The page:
Volume XVIII Number 39 April 21, 2010
arry Busch by all accounts was the best friend, best son and best big brother anyone could hope for – unless you were unfortunate enough to be sitting across from him in a poker game. Even then he’d have your back – but don’t expect any slack at the card table. Busch died Friday morning of complications from the accident in 2006 that paralyzed him, according to sister Teri. “I’m going to miss everything about him,” she said. “We were very close and did a lot of things together.” That would, of course, include always telling her what to do, like a big brother does. “He was a good big brother, probably the best ever,” she said. “He took care of me a lot, both before and after the accident.”
The 2002 Kamiak graduate was nearing the end of his senior year at University of Washington in March of 2006, celebrating spring break with his Zeta Psi fraternity brothers at Flamingo Beach in Costa Rica. Horsing around in the waves, Busch came up from a headfirst tumble floating face down. He would later learn he had shattered his spine at the C-5 level. Lying on the beach awaiting the ambulance, Busch had no feeling or movement from the chest down, yet still had the presence of mind to reassure his fraternity brothers with jokes. “I guess I’ll never be the Dancing Queen now,” he told them wryly. “Larry was a true scholar with a tiny impish side to him,” Kamiak guidance counselor and family friend Alison Mead said. “If there was fun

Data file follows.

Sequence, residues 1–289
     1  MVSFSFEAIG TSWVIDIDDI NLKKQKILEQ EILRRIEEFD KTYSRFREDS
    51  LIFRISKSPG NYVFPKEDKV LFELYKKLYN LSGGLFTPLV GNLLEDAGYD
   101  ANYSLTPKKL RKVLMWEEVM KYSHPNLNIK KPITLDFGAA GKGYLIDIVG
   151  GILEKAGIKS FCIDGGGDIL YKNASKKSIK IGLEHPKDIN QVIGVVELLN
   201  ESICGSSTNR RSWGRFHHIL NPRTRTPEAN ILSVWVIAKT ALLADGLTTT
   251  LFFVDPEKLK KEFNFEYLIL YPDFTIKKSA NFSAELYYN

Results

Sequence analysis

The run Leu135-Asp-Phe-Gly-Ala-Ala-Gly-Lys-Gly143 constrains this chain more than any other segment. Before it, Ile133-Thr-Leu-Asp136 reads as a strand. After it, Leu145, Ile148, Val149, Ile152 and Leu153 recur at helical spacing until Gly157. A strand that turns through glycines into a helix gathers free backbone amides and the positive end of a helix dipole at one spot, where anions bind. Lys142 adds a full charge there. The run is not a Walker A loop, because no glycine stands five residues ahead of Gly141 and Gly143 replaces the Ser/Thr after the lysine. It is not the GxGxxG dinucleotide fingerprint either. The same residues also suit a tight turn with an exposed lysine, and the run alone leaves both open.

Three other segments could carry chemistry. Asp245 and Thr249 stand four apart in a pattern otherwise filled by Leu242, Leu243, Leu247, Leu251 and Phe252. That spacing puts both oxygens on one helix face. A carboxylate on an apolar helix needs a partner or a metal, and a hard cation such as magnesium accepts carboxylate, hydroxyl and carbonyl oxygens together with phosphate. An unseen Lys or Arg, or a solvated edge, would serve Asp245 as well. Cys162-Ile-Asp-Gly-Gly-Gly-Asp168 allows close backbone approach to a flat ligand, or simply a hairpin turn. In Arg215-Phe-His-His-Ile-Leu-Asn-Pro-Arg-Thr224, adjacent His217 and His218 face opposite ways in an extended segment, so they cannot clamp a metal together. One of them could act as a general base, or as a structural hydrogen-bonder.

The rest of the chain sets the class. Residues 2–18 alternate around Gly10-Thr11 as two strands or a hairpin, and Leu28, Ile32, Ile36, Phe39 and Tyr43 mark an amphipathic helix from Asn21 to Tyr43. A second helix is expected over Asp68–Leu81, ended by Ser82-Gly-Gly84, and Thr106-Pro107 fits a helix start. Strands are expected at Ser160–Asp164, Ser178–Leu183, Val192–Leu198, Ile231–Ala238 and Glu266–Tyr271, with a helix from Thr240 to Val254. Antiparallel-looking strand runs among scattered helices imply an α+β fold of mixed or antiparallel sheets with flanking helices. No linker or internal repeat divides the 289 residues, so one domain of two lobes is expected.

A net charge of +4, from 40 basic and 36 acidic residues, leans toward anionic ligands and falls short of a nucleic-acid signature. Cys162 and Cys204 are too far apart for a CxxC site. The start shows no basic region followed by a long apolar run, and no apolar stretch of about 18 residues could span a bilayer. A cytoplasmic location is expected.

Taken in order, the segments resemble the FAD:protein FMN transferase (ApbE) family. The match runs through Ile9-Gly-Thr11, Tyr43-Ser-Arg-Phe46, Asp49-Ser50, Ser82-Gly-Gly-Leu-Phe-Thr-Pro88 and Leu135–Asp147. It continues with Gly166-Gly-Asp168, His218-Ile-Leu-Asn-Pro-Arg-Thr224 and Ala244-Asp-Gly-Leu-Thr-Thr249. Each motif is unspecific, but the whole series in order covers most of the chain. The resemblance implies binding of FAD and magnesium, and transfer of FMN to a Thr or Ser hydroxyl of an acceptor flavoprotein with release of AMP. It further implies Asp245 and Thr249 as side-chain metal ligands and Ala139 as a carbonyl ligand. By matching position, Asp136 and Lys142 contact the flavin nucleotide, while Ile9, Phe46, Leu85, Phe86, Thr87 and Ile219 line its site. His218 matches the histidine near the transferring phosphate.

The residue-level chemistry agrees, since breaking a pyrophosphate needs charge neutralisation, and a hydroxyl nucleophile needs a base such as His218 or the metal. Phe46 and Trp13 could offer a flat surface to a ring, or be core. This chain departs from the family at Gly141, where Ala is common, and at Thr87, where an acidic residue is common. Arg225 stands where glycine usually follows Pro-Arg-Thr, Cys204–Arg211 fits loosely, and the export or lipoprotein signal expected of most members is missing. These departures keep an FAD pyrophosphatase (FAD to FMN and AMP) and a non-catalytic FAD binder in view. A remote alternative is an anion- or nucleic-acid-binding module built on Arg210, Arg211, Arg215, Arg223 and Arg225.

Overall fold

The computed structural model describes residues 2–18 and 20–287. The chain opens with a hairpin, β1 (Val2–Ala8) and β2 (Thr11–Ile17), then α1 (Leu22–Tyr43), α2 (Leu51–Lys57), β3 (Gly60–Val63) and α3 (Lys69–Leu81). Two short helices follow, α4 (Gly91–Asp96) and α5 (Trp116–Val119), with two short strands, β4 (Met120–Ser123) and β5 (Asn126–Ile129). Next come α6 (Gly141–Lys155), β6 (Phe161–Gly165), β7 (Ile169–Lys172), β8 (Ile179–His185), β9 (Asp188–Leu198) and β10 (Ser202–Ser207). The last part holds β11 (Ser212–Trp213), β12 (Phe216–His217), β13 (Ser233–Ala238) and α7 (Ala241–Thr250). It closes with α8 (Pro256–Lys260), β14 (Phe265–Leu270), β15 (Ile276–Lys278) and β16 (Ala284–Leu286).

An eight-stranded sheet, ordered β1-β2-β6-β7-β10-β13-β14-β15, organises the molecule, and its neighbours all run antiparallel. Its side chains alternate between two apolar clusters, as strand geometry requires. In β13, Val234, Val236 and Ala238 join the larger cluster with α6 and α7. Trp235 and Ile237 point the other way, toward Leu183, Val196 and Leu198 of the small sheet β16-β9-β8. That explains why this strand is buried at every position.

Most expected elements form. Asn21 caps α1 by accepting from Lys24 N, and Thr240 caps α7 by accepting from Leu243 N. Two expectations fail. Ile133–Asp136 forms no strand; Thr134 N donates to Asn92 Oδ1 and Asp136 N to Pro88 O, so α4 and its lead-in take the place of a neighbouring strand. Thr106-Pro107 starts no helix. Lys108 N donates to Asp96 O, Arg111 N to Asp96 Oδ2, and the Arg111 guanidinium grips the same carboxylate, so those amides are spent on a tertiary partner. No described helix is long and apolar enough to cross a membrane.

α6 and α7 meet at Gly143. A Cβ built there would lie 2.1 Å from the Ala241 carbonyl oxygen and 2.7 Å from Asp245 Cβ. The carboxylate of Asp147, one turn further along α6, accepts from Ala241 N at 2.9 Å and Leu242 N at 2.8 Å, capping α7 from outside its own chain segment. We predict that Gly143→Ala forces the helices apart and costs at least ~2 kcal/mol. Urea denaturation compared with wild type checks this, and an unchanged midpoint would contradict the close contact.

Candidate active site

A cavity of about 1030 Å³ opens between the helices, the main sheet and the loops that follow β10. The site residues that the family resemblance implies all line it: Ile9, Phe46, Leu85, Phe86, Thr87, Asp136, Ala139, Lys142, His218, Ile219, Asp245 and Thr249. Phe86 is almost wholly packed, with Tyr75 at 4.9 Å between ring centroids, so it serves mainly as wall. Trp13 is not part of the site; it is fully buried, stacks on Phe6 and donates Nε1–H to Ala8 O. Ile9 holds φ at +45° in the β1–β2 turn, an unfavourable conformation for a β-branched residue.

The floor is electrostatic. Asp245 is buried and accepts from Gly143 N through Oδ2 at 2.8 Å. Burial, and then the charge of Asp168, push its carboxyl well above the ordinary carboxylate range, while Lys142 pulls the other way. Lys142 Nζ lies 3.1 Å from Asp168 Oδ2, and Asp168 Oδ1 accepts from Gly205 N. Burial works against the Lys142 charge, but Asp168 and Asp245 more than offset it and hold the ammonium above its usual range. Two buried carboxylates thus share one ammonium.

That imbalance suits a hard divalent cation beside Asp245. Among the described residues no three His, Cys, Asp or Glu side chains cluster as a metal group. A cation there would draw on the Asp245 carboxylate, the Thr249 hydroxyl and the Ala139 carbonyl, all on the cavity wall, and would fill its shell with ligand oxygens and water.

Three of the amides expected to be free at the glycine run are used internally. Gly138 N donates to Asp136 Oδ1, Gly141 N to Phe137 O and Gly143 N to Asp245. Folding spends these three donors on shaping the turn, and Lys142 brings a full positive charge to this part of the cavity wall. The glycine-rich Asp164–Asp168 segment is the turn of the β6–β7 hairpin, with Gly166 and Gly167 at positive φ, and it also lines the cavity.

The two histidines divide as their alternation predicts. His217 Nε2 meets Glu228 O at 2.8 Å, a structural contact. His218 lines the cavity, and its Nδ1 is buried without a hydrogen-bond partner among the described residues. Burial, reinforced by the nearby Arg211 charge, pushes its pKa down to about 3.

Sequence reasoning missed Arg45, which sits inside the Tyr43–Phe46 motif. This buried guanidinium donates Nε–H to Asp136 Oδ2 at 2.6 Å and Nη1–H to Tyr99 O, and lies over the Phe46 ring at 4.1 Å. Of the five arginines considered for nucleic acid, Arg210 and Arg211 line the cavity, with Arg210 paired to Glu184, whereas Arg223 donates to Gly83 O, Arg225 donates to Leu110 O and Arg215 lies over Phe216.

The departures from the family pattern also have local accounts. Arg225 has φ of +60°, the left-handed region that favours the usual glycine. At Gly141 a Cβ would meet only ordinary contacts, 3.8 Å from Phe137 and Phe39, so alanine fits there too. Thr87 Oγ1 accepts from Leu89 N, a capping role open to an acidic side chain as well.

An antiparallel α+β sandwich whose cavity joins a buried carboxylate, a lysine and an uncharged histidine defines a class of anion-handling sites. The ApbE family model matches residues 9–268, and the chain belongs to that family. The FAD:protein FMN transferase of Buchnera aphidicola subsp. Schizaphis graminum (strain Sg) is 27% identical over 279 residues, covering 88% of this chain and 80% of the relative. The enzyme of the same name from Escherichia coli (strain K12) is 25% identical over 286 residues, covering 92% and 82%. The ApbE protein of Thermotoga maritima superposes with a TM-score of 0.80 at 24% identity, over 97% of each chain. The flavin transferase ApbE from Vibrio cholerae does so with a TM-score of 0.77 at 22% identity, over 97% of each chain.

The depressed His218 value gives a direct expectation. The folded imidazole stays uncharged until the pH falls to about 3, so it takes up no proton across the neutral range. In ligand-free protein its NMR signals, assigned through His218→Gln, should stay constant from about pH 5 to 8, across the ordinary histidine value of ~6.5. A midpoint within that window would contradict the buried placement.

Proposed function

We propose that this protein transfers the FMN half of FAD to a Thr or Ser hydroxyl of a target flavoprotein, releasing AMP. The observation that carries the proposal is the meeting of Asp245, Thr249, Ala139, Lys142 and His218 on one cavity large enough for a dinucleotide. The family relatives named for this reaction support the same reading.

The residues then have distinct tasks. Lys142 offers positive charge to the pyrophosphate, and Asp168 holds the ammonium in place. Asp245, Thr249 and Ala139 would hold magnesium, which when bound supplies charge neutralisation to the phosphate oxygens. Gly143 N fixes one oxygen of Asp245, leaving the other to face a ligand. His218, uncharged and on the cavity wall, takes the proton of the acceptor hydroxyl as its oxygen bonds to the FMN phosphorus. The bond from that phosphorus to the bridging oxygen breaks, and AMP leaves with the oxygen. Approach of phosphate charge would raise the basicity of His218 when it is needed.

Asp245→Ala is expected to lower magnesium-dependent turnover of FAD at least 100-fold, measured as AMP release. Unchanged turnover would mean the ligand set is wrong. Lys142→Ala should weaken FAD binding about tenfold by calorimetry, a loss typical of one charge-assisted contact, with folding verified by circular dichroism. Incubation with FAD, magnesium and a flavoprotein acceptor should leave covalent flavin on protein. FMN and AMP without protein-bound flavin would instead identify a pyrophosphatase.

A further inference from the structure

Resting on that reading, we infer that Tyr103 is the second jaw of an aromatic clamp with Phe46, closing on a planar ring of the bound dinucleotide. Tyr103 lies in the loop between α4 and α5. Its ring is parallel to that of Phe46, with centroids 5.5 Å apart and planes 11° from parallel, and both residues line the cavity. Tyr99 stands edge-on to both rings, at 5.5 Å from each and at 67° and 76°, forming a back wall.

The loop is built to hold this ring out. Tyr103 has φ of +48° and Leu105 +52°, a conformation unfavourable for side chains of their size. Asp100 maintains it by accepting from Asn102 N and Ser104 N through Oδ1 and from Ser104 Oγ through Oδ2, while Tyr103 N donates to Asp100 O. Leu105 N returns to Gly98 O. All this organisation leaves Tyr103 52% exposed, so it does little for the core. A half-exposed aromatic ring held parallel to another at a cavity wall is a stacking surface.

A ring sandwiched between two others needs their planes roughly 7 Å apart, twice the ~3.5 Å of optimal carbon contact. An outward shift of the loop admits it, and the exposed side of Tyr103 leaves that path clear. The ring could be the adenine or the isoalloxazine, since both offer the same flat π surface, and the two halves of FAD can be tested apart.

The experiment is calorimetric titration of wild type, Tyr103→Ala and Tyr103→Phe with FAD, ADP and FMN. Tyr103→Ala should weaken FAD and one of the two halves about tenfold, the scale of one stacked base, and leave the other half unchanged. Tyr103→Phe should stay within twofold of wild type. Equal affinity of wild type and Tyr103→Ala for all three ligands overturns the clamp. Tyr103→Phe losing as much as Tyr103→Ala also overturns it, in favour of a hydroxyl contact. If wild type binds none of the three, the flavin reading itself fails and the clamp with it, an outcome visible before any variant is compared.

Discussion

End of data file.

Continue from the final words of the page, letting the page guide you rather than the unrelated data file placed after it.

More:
BUSCH, page 5